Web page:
Nearly 800 new apartments are proposed or being built in Biddeford and Saco, an area that has become an increasingly popular destination in recent years as Biddeford’s downtown is revitalized and high rental prices push people out of the Portland housing market.

Demand for rental units is at an all-time high in Biddeford, where city officials say they continue to see strong interest from developers who want to build new apartment buildings or convert old buildings to rental housing. Existing multi-family buildings are selling at higher prices than ever as people look to invest in the city and improve the quality of older apartment units.

In Biddeford, city officials are vetting proposals for a mixed-use residential and commercial project at the Five Points Shopping Center that would add 190 or more rental units and a project to convert the former Saco Lowell mill building into 100 new apartments. The conversion of the Lincoln Mill into 148 luxury lofts in downtown Biddeford is nearing completion, with occupancy expected by this summer.

And in Saco, officials are considering a proposal for 336 market-rate units in an apartment complex that would be the city’s largest. That proposal has drawn opposition from neighbors concerned about the impact of the large-scale project on local neighborhoods.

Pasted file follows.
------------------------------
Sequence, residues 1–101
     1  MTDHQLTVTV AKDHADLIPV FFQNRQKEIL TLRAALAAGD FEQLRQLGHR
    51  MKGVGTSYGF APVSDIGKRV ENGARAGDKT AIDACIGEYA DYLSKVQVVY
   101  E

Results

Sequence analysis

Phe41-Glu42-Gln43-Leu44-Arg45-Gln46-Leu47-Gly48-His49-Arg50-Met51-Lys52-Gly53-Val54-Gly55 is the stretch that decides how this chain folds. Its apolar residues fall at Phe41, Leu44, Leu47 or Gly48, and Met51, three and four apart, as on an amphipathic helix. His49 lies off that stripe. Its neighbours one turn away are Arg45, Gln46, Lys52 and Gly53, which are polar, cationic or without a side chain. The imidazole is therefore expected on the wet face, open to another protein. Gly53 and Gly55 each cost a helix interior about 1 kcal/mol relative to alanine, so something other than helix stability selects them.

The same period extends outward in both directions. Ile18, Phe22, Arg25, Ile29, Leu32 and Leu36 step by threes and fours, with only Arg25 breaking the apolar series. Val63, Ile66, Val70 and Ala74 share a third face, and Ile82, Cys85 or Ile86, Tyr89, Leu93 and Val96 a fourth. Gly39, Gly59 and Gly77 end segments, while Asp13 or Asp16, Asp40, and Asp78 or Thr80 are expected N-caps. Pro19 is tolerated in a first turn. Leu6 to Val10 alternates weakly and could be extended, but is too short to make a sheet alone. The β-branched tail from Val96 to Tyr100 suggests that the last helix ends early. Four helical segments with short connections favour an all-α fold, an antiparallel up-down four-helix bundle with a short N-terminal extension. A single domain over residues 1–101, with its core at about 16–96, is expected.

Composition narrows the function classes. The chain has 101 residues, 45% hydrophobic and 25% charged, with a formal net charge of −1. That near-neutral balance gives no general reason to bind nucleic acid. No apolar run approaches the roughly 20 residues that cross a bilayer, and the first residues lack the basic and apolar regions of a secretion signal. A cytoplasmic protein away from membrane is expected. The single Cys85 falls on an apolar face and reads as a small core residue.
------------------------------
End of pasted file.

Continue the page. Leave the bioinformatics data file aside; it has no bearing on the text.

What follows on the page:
“The development community has picked up that apartments are real hot right now,” said Saco city planner Bob Hamblen. “I don’t see any end in sight at the moment.”

The intense demand for both apartments and single-family homes in Biddeford has prompted the City Council to spend the past few months looking at housing issues, including affordability, density and incentives for developers. Late last year, the council for the first time ever adopted housing goals to guide policy decisions that city leaders hope will provide more housing across the housing continuum, from low-income apartments to larger single-family homes to senior housing.


The goals are to increase homeownership within the community from 48 percent to 51 percent by 2026; create at least 400 “next home” opportunities by 2026; create at least 200 first-time homeownership opportunities affordable to household between 80 and 120 percent of median income; create or preserve 90 units of affordable housing per year for five years targeted to serve the 40 to 80 percent median income community; and rehabilitate at least 65 rental units per year for the next three years so the units are healthy homes and lead-free.